FOND DU LAC, Wis. — A family in Fond du Lac is experiencing a medical anomaly, but that doesn't mean they have given up hope.
The Medina family has three children that all have the same rare genetic disease, spinal muscular atrophy type 1 (SMA). It affects the motor skills of a child and can hinder their ability to walk, talk, and swallow. All three of the Medina children have varying degrees of the disease.
Mateo, 11, is confined to a chair and had a tracheotomy. He can't speak or move. He has to have 24/7 care. Mateo has been to 39 states and also loves SpongeBob. Doctors said that he wouldn't live past his second birthday. But he is beating the odds. Mateo's 11th birthday is July 10.
Javier, 6, has trouble walking, talking, and swallowing. However, he still has his motor functions and can get around on his own. Javier also loves to play video games like Minecraft and Mario on his Gameboy Color he got from his grandma.
Amelia, 4, doesn't have any symptoms. Despite her pre-natal diagnosis, she has been able to develop all of her motor skills on time. This was thanks to the experimental drug Zolgensma that she was treated with at 11 days old. Today, the treatment is approved by the U.S. Food and Drug Administration. Her mom, Amy, said that Amelia was the first child in the world to receive the drug before developing symptoms. She loves to play princess and hasn't cut her hair because "princesses never cut their hair."
“Even though all three of my children have rare diseases, they’re people. They’re humans," Amy said.
According to the National Institute of Health, between 300 and 3,000 children are diagnosed with SMA. Depending on the severity of the diagnosis, the disease can be deadly. Boston Children's Hospital said that many children with a type 1 diagnosis die before their second birthday.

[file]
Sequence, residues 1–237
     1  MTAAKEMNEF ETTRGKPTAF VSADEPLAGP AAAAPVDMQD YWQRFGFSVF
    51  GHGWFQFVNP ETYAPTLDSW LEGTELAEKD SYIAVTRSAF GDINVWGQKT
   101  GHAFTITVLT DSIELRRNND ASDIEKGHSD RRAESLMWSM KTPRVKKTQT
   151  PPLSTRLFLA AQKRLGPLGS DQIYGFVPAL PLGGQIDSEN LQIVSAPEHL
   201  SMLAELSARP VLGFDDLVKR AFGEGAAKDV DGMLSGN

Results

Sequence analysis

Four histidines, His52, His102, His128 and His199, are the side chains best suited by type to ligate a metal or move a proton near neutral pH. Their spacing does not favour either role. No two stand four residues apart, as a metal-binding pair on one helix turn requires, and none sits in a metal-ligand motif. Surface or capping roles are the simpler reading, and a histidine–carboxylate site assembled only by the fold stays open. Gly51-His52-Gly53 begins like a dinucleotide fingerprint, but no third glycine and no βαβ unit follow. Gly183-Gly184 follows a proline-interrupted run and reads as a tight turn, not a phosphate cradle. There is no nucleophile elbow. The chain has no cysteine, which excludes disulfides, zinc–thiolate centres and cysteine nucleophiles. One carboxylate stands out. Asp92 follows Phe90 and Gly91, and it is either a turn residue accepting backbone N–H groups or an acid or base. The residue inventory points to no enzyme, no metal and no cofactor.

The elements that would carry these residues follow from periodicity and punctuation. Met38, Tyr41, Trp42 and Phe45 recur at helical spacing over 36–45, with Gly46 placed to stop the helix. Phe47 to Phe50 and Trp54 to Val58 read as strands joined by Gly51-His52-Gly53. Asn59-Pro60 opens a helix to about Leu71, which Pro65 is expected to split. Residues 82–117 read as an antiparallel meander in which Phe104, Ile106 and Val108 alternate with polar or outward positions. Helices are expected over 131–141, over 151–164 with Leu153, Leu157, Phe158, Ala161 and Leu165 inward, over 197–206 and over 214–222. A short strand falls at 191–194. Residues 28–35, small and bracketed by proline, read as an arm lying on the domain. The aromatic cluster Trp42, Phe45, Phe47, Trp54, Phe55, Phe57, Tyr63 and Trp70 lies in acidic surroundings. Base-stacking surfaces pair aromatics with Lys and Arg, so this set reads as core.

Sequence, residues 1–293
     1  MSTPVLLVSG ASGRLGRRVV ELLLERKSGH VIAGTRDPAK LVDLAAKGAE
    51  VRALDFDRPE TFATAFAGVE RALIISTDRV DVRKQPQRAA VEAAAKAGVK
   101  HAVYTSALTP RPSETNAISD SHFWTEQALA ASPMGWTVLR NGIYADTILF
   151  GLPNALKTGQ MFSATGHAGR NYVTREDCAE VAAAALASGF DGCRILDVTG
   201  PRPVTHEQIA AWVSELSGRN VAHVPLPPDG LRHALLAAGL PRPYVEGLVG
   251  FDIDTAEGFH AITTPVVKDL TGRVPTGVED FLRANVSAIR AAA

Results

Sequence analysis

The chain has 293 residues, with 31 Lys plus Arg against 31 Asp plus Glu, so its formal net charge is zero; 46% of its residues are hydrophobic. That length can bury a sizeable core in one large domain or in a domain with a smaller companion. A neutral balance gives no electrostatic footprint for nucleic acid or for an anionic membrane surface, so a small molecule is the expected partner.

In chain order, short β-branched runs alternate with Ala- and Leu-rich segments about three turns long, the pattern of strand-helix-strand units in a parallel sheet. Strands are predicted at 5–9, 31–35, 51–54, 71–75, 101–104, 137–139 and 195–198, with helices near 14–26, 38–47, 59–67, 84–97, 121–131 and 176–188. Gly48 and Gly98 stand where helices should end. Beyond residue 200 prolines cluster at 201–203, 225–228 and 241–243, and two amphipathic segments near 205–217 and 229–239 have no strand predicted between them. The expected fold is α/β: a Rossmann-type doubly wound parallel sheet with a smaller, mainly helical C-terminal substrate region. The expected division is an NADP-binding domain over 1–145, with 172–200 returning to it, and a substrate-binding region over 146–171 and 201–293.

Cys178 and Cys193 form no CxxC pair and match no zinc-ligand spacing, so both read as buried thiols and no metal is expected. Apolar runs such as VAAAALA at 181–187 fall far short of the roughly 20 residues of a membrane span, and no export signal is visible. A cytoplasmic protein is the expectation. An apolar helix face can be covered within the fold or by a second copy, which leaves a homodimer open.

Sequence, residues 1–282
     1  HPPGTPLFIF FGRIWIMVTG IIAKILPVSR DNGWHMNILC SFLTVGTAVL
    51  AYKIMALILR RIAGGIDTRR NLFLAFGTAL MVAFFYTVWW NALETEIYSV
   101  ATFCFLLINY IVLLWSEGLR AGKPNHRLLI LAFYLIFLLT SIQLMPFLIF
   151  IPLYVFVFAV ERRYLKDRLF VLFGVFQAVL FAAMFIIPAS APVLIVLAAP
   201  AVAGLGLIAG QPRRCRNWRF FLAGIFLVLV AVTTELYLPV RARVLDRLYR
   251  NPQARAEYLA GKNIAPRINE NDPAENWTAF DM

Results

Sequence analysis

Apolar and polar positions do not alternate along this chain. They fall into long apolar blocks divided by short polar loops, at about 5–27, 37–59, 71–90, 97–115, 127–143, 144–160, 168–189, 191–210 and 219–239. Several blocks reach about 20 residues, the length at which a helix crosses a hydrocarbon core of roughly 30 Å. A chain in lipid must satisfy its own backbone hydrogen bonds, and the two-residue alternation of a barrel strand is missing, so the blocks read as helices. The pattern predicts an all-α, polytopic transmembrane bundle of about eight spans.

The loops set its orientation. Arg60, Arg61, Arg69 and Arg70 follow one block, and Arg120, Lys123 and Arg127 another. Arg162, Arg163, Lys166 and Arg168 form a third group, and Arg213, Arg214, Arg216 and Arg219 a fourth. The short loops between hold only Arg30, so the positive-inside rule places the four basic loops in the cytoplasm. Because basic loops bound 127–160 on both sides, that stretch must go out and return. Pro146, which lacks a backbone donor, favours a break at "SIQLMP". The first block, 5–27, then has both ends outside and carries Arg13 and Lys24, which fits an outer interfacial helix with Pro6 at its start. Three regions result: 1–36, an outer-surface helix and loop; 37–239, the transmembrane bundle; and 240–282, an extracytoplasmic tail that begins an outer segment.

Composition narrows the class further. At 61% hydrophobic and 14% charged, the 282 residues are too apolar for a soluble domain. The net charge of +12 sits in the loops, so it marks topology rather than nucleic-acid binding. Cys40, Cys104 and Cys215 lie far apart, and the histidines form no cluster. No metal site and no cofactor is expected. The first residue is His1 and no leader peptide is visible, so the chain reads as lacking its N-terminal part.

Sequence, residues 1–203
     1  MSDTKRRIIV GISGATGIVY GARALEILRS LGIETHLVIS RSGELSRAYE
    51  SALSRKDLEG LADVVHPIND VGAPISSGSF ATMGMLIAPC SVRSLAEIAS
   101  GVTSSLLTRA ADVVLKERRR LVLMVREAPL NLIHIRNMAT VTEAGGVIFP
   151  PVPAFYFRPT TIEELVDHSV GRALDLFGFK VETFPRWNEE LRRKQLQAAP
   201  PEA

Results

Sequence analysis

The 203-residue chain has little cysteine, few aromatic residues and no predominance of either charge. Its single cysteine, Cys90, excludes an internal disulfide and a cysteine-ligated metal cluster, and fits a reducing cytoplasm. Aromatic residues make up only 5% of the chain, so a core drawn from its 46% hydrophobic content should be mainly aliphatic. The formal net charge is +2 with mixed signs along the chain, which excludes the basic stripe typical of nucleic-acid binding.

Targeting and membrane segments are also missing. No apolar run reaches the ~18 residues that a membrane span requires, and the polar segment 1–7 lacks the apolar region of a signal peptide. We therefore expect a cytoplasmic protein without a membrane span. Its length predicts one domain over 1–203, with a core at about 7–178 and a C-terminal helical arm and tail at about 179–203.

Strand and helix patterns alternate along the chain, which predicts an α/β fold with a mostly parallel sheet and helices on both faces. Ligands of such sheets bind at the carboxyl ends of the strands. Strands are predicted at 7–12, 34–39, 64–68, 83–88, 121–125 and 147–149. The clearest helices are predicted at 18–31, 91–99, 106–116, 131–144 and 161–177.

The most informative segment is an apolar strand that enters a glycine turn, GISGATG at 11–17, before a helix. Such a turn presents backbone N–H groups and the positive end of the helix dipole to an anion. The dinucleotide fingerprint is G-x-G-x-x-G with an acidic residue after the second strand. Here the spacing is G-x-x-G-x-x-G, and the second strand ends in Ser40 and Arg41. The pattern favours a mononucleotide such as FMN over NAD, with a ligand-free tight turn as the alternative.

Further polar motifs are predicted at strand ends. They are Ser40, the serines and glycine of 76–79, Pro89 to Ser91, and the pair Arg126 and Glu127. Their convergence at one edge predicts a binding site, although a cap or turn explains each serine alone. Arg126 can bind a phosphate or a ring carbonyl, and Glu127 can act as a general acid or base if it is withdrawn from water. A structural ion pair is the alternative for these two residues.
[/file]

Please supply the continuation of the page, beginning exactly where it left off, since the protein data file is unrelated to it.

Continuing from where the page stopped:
It hasn't been easy for the family, but they persevere. This might be a statistical anomaly, but it's their reality.
"We were blessed with three beautiful children, and they’re our world, and we just live in the moment," Amy said.
Amy and her husband Adan didn't know anything about SMA before their first child, Mateo, was diagnosed with it after his birth. Upon learning more about it, they realized they were both carriers of this disease. Afterward, they knew they had a 25 percent chance of passing the disease on to future children, but they didn't believe it would continue happening to them. However, that's exactly what happened as both Javier and Amelia were diagnosed prenatally.
"So I try to look at the good things each of my children can do. They all have, great, you know, great things that they can do. Like Javi can walk. Mateo can't walk. Here, you know, Javi can walk. Javi can’t run, but Amelia can run."
The Medinas hope to share their story with the world in order to bring awareness to this disease.
“Tons of kids come up and be like, 'is he dead?' Because he looks different. And the parents are like, 'Get over here. Get over. here' I don’t encourage parents to do that. Let the kids ask questions.”
In Wisconsin, they screen every baby for SMA. Amy hopes that if she shares her experience, other families will be able to treat the disease early on as they did with Amelia.